- Utility Assistance: Payment of utility bills and arrears (no legislative dollar amount stipulated).
B. Policies and Procedures
- Grant Funding Application For Homeless Prevention: Funding for the Homeless Prevention Program is provided annually by IDHS. The funding announcement is directed to the local Continuum of Care (CoC) with the availability of funds. Those groups, in turn, solicit proposals from local agencies that serve homeless families and individuals. The CoC then recommends projects for funding to IDHS. The Secretary of IDHS determines which applications will be funded and the funding amounts. Upon execution of the contract, Homeless Prevention providers will receive payments as prescribed by IDHS. IDHS reserves the right to advance additional funds to an agency beyond the prescribed method when it is in the best interest of the provider and/or the Homeless Prevention Program.
- Reporting Requirements: Each recipient agency is required to report quarterly on fiscal expenditures and participant services. Quarterly reports are due on October 20, January 20, April 20, and July 20.
- Board of Directors: Each provider is required to submit names of board members and chief officers who oversee the program. The provider must maintain a current list of the board members and their terms of office and a list of phone numbers of the board members. The board must meet at least quarterly and maintain meeting minutes. The provider must maintain a policy on conflict of interest for board of director's members.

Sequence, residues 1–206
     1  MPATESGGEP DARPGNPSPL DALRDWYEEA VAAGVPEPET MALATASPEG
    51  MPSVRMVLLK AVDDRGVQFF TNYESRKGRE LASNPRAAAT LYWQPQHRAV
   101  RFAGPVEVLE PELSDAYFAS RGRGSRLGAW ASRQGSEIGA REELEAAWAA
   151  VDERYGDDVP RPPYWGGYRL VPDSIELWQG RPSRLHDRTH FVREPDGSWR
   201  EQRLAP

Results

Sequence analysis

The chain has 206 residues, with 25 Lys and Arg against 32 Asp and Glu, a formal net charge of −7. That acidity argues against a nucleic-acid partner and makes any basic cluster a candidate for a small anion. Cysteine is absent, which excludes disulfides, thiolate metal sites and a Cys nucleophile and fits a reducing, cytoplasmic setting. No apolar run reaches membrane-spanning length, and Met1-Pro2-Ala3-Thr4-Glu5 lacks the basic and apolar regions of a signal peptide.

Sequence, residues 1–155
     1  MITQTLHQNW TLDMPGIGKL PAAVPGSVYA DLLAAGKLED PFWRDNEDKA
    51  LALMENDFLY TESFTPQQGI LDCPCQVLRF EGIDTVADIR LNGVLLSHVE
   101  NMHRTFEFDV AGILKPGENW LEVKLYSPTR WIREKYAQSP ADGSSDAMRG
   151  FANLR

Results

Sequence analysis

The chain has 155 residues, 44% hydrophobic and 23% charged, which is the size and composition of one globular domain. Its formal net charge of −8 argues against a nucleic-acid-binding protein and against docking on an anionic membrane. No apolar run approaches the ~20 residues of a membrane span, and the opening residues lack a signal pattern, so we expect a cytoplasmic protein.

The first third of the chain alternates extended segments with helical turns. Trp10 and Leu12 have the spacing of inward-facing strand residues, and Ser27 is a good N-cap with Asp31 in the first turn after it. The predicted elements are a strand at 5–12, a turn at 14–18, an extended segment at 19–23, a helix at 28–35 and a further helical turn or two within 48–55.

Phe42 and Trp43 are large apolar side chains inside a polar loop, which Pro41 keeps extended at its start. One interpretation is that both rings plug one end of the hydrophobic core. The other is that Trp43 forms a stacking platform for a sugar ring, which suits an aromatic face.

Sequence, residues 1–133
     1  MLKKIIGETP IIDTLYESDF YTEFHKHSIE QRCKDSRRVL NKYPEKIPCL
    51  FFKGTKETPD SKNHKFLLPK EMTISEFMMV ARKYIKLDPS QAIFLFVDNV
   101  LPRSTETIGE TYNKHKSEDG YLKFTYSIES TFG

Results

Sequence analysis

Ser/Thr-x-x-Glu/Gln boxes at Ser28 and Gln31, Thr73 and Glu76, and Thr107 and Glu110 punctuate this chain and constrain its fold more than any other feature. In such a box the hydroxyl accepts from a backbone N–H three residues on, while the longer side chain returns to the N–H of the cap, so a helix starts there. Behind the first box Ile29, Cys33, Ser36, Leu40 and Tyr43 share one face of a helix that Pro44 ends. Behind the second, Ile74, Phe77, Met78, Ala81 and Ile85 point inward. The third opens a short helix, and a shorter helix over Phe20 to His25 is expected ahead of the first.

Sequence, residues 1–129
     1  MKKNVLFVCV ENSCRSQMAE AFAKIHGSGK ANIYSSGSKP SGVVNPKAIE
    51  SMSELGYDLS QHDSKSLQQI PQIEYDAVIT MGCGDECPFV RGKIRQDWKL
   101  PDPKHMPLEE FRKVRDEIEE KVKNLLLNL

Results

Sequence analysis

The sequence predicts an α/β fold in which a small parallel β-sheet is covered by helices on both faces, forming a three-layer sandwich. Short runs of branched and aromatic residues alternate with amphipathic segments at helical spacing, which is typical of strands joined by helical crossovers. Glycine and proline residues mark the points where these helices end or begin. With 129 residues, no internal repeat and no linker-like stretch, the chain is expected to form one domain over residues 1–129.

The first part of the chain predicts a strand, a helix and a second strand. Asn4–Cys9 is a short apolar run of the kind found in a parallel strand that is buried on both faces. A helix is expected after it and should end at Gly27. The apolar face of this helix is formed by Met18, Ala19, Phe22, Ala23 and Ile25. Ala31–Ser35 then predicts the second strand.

- 501(c)(3): If the provider is not a governmental entity, the provider must be a federally tax exempt, non-profit agency legally authorized to operate in the State of Illinois with a Not-for-Profit Corporation Charter from the Illinois Secretary of State and verification from the Internal Revenue Service of exemption from federal income tax liability under the applicable Section 501(c)(3) or 501(c)(4) of the Internal Revenue Code. Each provider must submit documentation of not-for-profit status and their 501(c)(3) status. Each provider must certify that it complies with all provisions of the Federal Internal Revenue Code, the Illinois Revenue Act, and all rules promulgated thereunder, including withholding provisions and timely deposits of employee taxes and unemployment insurance taxes. Also, an annual report must be on file with the Secretary of State that the provider is a not-for-profit provider. This report will be sent, by the Secretary of State, to each provider's registered agent 45 to 60 days in advance of the date of the provider's incorporation. A provider can contact the Secretary of State Office/Annual Report Section at (217) 782-6961 with any questions or conflict resolutions.
- Records: The provider must maintain written policies and procedures regarding its fiscal activities, including but not limited to, payroll, purchasing, cash management, relevant fee schedules, contracts and risk management. The provider must submit and have on file a copy of their Annual Report to the Internal Revenue Service Form 990 and an Annual Report to the Attorney General Form AG 990. The provider must show proof that its governing body has approved a budget at least annually. All fiscal records are to be maintained for at least five years after the end of the fiscal year to which they relate. Failure to maintain adequate records to document the expenditure of IDHS funds creates a presumption in favor of the Department for recovery of the funds. The provider must have on file the by-laws, policies and procedures and a current organization chart. The provider must maintain policies concerning the hiring, termination, evaluation, and discipline of staff. Also, the provider must have policies on non-discrimination in hiring, employment, sexual harassment as well as written job descriptions of employees' duties and responsibilities.